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Laurie Lisle


May 12, 2021.

The author and biographer Laurie Lisle returns to the program to talk about her new memoir, Word for Word: A Writer's Life, newly published by Artemis Editions.

"With Word for Word, Laurie Lisle enters the pantheon of great memoirists . . . Bolstered by exquisite, evocative observations of the physical world that inform her prose, past and present, she threads a fine line between revelation and reticence, generously exposing her most intimate feelings about the conflicts and sacrifices inherent in the need for both love and freedom, as a woman and a writer. If ever there is a book that will trigger a desire to pen one's own memoir, this is it." --Marnie Mueller, author of My Mother's Island

 

"Word for Word is a perfect title for a memoir about the hard-earned creation of a writer's life that is wrested out of the honest self-examination of a woman who faces the personal, family, class, and social forces that shaped—but did not determine—the person and writer she would become. A richly rewarding read."--Lois Rudnick, author of Mabel Dodge Luhan: New Woman, New Worlds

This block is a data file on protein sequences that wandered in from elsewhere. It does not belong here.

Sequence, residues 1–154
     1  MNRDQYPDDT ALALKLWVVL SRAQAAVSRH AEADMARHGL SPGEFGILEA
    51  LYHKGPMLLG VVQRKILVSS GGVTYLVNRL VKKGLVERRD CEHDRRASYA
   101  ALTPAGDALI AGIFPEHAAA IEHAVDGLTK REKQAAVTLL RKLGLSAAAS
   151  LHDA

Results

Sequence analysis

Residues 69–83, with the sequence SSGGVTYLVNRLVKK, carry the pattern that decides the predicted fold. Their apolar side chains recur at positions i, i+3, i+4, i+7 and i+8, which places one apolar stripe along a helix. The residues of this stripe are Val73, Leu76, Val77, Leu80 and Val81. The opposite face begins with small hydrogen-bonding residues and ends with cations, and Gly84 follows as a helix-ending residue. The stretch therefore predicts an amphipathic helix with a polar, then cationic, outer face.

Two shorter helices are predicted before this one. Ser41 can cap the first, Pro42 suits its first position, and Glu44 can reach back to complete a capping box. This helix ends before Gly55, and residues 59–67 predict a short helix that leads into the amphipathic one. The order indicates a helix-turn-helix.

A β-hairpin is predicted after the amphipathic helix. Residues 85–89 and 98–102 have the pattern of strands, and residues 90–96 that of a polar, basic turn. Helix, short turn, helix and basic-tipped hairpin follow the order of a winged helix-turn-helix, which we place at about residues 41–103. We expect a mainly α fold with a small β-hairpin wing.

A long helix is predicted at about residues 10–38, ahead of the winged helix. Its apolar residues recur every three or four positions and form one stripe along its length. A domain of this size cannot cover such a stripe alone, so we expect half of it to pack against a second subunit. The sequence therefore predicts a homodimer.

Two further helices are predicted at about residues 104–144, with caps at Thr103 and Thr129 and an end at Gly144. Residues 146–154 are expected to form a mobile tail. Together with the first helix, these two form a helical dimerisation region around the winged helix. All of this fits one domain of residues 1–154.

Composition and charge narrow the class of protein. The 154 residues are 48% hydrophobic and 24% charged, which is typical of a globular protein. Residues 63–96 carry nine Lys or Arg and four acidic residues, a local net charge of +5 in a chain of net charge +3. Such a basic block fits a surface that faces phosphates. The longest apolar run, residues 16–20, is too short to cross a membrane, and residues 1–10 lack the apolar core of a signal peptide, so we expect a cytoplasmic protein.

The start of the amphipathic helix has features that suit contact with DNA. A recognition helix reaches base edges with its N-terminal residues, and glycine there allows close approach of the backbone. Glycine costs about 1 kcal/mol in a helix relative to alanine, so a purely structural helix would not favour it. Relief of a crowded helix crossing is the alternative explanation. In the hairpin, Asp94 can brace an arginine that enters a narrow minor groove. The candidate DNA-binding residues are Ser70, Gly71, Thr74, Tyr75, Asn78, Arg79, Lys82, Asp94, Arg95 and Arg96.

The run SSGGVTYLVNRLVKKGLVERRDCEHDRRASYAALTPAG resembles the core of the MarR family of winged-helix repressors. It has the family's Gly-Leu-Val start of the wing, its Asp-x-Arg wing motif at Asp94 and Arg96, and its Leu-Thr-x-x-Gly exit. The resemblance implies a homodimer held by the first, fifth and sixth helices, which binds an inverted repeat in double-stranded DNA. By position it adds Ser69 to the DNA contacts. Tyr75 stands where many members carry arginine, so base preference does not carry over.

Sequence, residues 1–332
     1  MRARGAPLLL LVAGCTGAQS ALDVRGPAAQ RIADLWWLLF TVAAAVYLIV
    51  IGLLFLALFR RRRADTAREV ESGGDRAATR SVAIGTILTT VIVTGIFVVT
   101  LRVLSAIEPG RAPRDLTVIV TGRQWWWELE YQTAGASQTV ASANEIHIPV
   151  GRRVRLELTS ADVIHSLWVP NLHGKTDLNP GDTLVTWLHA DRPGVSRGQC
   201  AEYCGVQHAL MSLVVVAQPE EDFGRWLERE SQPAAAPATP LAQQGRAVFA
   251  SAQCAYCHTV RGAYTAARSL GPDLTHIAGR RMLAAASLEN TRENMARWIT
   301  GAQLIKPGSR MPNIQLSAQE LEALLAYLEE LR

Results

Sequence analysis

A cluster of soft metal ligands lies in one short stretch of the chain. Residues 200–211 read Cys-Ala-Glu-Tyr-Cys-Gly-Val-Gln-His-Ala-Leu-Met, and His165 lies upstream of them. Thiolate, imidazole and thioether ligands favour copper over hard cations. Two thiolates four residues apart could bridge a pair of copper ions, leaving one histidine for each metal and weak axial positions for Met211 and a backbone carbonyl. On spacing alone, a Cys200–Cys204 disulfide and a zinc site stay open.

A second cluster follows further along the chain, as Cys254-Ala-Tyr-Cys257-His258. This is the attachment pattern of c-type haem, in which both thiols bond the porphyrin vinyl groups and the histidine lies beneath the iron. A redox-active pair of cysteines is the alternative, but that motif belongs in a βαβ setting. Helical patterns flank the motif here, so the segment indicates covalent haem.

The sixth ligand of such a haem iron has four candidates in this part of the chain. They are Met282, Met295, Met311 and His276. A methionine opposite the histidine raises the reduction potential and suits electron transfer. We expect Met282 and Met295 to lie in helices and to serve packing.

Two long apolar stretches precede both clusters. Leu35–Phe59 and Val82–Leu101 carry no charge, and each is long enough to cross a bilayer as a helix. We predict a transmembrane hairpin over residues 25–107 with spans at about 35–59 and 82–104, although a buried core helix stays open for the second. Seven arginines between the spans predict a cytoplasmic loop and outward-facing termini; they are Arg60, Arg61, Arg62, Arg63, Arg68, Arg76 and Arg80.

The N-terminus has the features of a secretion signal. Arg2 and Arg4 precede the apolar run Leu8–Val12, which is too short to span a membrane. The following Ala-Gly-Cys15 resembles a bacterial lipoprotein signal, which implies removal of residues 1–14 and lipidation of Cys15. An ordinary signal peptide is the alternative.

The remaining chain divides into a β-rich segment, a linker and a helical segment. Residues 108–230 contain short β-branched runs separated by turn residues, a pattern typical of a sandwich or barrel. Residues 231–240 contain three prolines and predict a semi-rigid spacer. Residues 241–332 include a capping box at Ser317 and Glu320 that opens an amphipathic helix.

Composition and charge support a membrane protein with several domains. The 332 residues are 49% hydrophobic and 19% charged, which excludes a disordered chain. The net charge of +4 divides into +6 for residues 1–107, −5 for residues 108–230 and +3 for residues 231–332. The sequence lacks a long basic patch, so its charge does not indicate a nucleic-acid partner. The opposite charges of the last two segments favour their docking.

"Word for Word is a beautifully told story about the growth of a woman writer of the second-wave generation, whose intellectual and spiritual debts are to women writers, feminism, and, more generally, strong women." -- Carol Ascher, author of Afterimages: A Family Memoir



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Patricia Phagan

Hilda Belcher (American, 1881–1963). The Checkered Dress (Portrait of O’Keeffe), 1907, watercolor and gouache. Frances Lehman Loeb Art Center, Vassar College. Bequest of Mary S. Bedell, class of 1873, 1932.1.5


April 7, 2021.

Patricia Phagan, Philip and Lynn Strauss Curator at the Frances Lehman Loeb Art Center, will discuss her exhibition Women Picturing Women: From Personal Spaces to Public Ventures, on view through June 13, 2021.